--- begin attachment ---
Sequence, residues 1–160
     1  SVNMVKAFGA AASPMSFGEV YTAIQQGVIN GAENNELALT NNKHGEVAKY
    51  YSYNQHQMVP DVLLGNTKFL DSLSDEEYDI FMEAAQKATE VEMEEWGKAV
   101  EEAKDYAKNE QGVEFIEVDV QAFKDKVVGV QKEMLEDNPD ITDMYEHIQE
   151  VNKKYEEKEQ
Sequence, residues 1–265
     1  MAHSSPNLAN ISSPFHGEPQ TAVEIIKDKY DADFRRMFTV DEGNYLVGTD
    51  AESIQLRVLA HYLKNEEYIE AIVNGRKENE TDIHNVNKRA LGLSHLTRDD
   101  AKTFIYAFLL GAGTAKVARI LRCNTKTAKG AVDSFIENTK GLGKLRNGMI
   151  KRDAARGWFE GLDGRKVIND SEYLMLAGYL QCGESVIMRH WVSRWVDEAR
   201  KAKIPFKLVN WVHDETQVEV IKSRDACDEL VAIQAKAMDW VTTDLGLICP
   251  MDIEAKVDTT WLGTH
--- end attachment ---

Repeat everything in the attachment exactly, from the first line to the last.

Sequence, residues 1–160
     1  SVNMVKAFGA AASPMSFGEV YTAIQQGVIN GAENNELALT NNKHGEVAKY
    51  YSYNQHQMVP DVLLGNTKFL DSLSDEEYDI FMEAAQKATE VEMEEWGKAV
   101  EEAKDYAKNE QGVEFIEVDV QAFKDKVVGV QKEMLEDNPD ITDMYEHIQE
   151  VNKKYEEKEQ
Sequence, residues 1–265
     1  MAHSSPNLAN ISSPFHGEPQ TAVEIIKDKY DADFRRMFTV DEGNYLVGTD
    51  AESIQLRVLA HYLKNEEYIE AIVNGRKENE TDIHNVNKRA LGLSHLTRDD
   101  AKTFIYAFLL GAGTAKVARI LRCNTKTAKG AVDSFIENTK GLGKLRNGMI
   151  KRDAARGWFE GLDGRKVIND SEYLMLAGYL QCGESVIMRH WVSRWVDEAR
   201  KAKIPFKLVN WVHDETQVEV IKSRDACDEL VAIQAKAMDW VTTDLGLICP
   251  MDIEAKVDTT WLGTH